Tar and feathering is a form of public humiliation and punishment that has been used at various times throughout history. The practice involves covering a person in hot tar and then coating them with feathers. The tar adheres to the person’s skin, causing intense discomfort and humiliation. Feathers stick to the tar, creating a grotesque and degrading appearance.
Tar and feathering has been documented in various cultures and historical periods. It gained prominence as a form of vigilante justice, often used by mobs or groups of people seeking to punish individuals they perceived as wrongdoers or enemies. The reasons for tar and feathering varied widely.
It was often employed against individuals accused of crimes, perceived moral transgressions, or political offenses. Accusations of theft, adultery, and treason were common triggers for this form of punishment. While not exactly tar and feathering, similar methods of public humiliation and punishment were employed in medieval Europe. Offenders might be covered in various substances, such as hot pitch, to mark them as criminals or wrongdoers.
It was first used as a punishment for theft in the English navy, recorded in the Ordinance of Richard I in 1189, and by the mid-1700s had become mob practice. The figurative usage dates from the mid-1800s.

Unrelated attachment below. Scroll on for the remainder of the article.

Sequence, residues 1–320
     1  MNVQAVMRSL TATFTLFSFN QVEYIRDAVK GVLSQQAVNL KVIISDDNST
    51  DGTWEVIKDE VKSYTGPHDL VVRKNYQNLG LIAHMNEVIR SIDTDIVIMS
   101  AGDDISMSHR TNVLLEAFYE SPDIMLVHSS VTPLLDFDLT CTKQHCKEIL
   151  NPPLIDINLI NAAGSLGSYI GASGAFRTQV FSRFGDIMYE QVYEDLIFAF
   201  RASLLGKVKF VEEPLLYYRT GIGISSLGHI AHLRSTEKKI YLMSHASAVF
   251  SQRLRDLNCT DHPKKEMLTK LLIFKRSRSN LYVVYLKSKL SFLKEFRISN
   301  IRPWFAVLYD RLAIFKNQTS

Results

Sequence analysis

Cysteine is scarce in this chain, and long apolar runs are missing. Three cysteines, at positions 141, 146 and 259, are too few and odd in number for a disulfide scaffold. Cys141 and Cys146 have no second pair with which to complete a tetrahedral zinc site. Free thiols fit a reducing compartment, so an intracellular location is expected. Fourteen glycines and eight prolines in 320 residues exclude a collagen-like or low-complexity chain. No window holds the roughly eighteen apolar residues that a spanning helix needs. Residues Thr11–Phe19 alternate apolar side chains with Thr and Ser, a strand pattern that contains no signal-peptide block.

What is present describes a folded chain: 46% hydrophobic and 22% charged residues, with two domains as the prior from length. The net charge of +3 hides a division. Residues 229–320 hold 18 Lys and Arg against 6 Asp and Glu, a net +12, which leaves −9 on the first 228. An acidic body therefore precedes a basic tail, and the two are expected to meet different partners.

There are reports of tar and feathering being used in Scotland during the 16th century. It was a method of punishing women accused of witchcraft. The tar and feathers were applied to the accused as a way to publicly shame them. Tar and feathering became more widely known during the American colonial period, particularly leading up to and during the American Revolution. The practice was used in protest against the Stamp Act in the American colonies, targeting tax collectors and other officials seen as loyal to the British Crown. The Townshend Revenue Act of 1767, a series of measures imposed by the British Parliament,
ignited widespread discontent among American colonists due to its imposition of taxes on various imported goods without colonial representation. This act, named after Charles Townshend, the Chancellor of the Exchequer, led to heightened tensions and resistance, with colonists vehemently opposing what they perceived as unjust taxation.
The discontent fueled a series of protests and acts of defiance, including the infamous practice of tar and feathering. Tar and feathering became a form of vigilante justice employed by colonists against individuals deemed loyalists or enforcers of the Townshend Acts, symbolizing the depth of colonial frustration.
Notably, the act of tar and feathering was witnessed during the Stamp Act protests and intensified during the Townshend period as a means of expressing discontent with British rule. The Townshend Revenue Act and its repercussions played a pivotal role in the lead-up to the American Revolution, underscoring the growing discord between the American colonies and the British Crown.